Abstract 18710: Added Value of Electrocardiographic Signs and Symptoms to Improve Early Detection of Acute Coronary Syndrome in the Emergency Department
Background: Early identification and diagnosis are critical in the management of patients with acute coronary syndrome (ACS) since time-dependent therapies reduce patient mortality and morbidity.
Objective: The aims of this study were to describe differences in presenting symptoms by individual ACS diagnoses and determine the prognostic value of both signs (electrocardiographic evidence of ischemia) and symptoms for an ACS diagnosis.
Method: Patients > 21 years old, with any ECG ischemic changes (ST-elevation, ST-depression, T-wave inversion), elevated serum troponin, and ACS symptoms presenting to one of five emergency departments (ED) were eligible for the study. Patients completed the ACS Symptom Checklist, a validated 13-item instrument that measures cardiac symptoms (typical and atypical). Pearson Chi-square tests were used for bivariate analyses and logistic regression was used for multivariate modeling.
Results: A total of 1,031 patients (mean age 60+14, 62% male, 70% White) were enrolled; 450 (43.7%) were diagnosed with ACS. One hundred eleven (11%) had ST-elevation myocardial infarction (STEMI), 236 (23%) had non-ST elevation myocardial infarction (NSTEMI), 103 (10%) had unstable angina (UA), and 581 (56%) were ruled-out for ACS. Patients with STEMI were more likely to report chest pain, diaphoresis, and higher symptom distress (p<0.05) at presentation than those without. Patients with NSTEMI were more likely to report arm pain and patients with UA were more likely to report lightheadedness (p<0.05). The presence of any chest symptoms (OR 2.24; 95% CI 1.27-3.97), higher symptom distress (OR 1.07; 95% CI 1.0-1.15), and a lower number of symptoms (OR 0.92; 95% CI 0.86-0.98) were independent predictors of an ACS diagnosis (p<0.05). The strongest predictor of an ACS diagnosis was the presence of ECG ischemic changes (OR 4.51, 95% CI 3.20-6.36) adjusting for symptoms, age, gender, heart rate, arrhythmia, and troponin levels (p<0.001).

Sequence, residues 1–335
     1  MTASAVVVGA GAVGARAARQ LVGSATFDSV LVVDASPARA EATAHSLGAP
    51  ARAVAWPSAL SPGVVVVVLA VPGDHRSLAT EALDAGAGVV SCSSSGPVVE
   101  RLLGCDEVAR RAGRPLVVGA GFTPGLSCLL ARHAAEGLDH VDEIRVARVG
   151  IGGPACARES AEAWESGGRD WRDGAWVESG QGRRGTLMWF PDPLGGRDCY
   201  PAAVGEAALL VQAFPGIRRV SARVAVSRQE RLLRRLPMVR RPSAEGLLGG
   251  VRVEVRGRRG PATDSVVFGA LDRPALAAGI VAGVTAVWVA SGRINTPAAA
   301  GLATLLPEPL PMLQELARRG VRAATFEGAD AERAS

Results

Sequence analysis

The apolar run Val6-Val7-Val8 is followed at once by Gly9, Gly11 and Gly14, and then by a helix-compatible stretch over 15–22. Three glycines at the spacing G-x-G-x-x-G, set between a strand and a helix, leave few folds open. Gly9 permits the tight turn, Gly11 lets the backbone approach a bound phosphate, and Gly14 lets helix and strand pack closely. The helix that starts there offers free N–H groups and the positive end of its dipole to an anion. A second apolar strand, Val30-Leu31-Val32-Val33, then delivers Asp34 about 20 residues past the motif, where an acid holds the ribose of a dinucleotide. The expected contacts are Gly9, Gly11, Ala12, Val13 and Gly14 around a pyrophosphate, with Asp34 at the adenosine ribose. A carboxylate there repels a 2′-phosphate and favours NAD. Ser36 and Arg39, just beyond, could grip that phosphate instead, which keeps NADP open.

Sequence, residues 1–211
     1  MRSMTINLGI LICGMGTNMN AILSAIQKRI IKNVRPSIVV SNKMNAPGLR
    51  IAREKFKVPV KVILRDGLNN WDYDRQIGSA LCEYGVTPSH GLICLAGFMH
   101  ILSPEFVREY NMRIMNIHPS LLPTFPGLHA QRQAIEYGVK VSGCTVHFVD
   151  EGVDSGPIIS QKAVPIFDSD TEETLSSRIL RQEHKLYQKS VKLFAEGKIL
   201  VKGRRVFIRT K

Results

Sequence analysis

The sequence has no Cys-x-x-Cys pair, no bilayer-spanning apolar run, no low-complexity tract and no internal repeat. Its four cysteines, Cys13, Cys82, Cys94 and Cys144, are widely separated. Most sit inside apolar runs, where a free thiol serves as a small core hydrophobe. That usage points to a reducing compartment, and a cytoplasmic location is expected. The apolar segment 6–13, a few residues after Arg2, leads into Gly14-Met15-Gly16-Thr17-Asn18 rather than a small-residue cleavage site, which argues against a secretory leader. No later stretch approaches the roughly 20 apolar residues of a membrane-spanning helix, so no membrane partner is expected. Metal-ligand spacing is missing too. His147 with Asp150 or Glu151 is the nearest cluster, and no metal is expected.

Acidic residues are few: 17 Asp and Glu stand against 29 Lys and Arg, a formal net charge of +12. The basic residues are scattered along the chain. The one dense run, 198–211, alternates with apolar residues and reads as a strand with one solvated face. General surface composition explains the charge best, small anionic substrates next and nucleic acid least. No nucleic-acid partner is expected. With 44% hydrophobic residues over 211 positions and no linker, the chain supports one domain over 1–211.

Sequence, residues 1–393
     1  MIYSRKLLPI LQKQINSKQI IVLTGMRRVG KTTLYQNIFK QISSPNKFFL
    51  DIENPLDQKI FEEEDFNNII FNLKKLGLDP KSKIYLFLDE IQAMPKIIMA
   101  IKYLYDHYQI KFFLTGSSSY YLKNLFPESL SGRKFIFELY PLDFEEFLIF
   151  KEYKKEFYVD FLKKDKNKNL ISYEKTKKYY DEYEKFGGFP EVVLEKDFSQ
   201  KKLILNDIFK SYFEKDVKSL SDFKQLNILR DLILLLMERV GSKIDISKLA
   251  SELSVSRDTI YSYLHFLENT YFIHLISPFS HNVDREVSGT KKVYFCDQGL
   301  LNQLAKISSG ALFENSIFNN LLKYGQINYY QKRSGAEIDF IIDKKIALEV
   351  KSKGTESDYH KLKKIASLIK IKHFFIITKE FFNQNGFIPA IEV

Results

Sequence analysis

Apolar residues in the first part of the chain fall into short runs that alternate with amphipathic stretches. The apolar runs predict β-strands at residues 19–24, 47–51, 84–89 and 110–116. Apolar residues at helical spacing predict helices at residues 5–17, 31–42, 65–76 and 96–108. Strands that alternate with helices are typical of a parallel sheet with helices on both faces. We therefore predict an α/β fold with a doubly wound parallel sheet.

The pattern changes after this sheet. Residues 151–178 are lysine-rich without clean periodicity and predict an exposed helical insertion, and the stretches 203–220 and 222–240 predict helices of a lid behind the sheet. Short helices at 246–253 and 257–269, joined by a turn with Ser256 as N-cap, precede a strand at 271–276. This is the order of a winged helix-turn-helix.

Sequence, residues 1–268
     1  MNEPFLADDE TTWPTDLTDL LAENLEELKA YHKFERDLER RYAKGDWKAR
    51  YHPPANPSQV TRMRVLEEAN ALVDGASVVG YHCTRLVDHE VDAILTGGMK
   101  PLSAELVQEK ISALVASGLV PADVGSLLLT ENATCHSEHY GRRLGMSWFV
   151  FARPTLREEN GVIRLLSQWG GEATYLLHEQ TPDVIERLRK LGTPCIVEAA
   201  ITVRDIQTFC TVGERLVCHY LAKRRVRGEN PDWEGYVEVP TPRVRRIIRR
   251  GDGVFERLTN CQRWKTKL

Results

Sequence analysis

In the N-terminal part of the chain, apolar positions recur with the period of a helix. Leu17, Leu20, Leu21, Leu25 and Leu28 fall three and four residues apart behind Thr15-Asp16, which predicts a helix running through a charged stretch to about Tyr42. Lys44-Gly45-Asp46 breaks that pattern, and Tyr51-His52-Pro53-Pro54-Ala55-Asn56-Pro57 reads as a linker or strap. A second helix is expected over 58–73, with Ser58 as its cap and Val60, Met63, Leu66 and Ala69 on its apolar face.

Conclusion: ECG signs of ischemia combined with specific symptom characteristics may enhance timely triage and detection of ACS in the ED. Predictive models that incorporate presenting signs and symptoms should be explored for this vulnerable population.
Author Disclosures: J.K. Zègre-Hemsey: None. L.A. Burke: None. H.A. DeVon: Research Grant; Significant; R01 NR012012.
- © 2015 by American Heart Association, Inc.